Ewa’s nerve both frustrates and fascinates Bruno, who clearly wants her for himself but also profits off of her. When she resists her first john, Bruno kneels down beside her and tells her that he does not want her to do this either, but that he knows she will. “For you, your sister’s well-being is more important than your own,” he says with a trace of awe, uncomprehending that someone could care for another person this much. Bruno could be seen as an unrepressed predecessor for Phoenix’s neurotic protagonist in Two Lovers, and a coincidental response to his work in Her as a man who prefers programmed love. Bruno pulls every string to keep Ewa in his vicinity, but he fails to see that his efforts have made him the McCabe to her Mrs. Miller, nothing more than a business associate forced upon her and the last person with whom she wants to share space, much less a life. Phoenix brings his usual capacity for self-immolating passion, and that fire blinds Bruno to the hatred in Ewa’s eyes.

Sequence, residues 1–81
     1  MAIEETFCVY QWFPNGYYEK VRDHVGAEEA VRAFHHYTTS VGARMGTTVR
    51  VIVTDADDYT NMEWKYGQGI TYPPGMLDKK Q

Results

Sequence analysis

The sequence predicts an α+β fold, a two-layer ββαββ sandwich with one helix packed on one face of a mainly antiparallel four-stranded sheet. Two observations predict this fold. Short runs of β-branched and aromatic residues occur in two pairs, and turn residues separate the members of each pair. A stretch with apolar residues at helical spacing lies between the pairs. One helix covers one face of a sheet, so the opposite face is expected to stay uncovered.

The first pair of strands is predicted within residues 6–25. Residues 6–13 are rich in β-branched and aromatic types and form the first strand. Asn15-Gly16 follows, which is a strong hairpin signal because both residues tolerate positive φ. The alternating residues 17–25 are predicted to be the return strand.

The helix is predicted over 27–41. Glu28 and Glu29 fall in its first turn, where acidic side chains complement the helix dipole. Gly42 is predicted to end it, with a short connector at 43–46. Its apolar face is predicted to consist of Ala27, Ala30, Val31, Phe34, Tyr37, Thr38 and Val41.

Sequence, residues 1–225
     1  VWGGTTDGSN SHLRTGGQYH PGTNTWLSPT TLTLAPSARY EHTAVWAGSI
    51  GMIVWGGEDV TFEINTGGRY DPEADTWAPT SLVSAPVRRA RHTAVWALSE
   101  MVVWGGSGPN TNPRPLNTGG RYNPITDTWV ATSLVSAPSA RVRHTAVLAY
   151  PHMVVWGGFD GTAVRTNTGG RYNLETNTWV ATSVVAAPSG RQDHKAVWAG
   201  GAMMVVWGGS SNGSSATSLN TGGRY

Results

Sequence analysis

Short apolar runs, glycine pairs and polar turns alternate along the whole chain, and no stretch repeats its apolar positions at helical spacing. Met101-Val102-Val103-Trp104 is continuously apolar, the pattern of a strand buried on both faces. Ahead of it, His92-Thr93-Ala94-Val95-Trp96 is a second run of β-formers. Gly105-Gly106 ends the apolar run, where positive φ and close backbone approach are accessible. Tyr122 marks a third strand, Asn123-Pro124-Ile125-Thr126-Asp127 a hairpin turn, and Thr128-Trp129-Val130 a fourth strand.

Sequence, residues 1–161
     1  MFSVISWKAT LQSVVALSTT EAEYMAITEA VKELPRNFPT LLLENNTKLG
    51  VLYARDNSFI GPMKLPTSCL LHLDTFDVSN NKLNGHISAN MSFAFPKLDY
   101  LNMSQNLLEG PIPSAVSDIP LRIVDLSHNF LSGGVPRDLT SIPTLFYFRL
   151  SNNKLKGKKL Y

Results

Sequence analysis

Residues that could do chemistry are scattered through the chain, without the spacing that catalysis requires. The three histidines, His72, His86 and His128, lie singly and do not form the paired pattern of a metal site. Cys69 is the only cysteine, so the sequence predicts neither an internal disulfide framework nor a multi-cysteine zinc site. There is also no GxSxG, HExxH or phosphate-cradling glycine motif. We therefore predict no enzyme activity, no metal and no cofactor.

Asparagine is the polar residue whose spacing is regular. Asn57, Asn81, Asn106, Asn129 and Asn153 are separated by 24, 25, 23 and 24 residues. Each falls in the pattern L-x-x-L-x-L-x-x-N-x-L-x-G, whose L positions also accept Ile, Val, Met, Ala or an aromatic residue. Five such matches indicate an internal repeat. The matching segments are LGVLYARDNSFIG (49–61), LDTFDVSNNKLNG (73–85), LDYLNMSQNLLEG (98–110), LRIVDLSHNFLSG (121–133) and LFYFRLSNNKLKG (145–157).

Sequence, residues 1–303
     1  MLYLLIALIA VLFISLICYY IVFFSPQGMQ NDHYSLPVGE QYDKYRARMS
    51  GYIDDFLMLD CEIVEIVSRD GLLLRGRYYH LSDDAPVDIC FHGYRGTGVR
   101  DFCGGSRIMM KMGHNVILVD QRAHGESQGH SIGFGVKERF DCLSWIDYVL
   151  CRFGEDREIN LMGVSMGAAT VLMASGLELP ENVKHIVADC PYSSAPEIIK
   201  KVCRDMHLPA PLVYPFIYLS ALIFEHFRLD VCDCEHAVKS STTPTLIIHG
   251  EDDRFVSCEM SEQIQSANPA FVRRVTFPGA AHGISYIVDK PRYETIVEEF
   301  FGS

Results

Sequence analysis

Ewa’s cold, all-seeing gaze creates a foundation of unsentimental clear-headedness matched by James Gray’s direction. The filmmaker has long favored long shots that soak up an environment, communicating every minuscule detail while also underscoring the limits of its characters’ perspective. The Immigrant takes that trait to its furthest point: most of New York City remains buried behind that aforementioned fog, a visible “Here There Be Dragons” blank spot on a map.